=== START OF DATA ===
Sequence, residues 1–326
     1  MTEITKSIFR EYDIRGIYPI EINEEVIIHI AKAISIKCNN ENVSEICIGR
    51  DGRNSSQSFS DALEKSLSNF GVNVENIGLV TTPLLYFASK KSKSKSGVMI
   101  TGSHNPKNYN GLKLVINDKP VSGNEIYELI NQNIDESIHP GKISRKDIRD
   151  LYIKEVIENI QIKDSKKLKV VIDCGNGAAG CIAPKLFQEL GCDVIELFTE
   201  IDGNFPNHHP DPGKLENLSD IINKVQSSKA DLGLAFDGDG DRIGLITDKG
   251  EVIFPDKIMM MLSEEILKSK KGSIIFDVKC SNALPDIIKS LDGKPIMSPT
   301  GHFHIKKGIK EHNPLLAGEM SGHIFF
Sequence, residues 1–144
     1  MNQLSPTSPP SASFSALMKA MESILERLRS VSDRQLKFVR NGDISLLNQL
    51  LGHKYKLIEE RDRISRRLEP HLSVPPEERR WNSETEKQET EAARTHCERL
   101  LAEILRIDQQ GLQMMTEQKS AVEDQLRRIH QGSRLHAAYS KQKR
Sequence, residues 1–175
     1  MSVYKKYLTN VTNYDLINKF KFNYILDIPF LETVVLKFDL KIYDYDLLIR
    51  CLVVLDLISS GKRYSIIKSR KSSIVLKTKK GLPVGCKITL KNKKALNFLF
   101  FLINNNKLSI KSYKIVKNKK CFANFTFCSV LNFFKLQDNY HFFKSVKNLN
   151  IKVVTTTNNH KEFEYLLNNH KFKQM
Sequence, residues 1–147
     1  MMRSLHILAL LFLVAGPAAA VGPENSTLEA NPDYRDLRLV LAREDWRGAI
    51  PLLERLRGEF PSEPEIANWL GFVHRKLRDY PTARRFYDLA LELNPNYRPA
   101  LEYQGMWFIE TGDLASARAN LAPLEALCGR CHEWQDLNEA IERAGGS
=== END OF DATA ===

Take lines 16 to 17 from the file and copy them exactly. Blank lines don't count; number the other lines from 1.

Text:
   101  FLINNNKLSI KSYKIVKNKK CFANFTFCSV LNFFKLQDNY HFFKSVKNLN
   151  IKVVTTTNNH KEFEYLLNNH KFKQM